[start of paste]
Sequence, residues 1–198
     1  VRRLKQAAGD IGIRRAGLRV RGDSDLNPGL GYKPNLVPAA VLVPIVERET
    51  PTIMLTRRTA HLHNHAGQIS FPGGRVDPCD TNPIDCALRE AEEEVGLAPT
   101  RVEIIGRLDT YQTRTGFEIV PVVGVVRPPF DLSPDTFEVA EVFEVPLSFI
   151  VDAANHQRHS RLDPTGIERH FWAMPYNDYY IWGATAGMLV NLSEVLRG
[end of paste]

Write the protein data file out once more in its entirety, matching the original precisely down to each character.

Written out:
Sequence, residues 1–198
     1  VRRLKQAAGD IGIRRAGLRV RGDSDLNPGL GYKPNLVPAA VLVPIVERET
    51  PTIMLTRRTA HLHNHAGQIS FPGGRVDPCD TNPIDCALRE AEEEVGLAPT
   101  RVEIIGRLDT YQTRTGFEIV PVVGVVRPPF DLSPDTFEVA EVFEVPLSFI
   151  VDAANHQRHS RLDPTGIERH FWAMPYNDYY IWGATAGMLV NLSEVLRG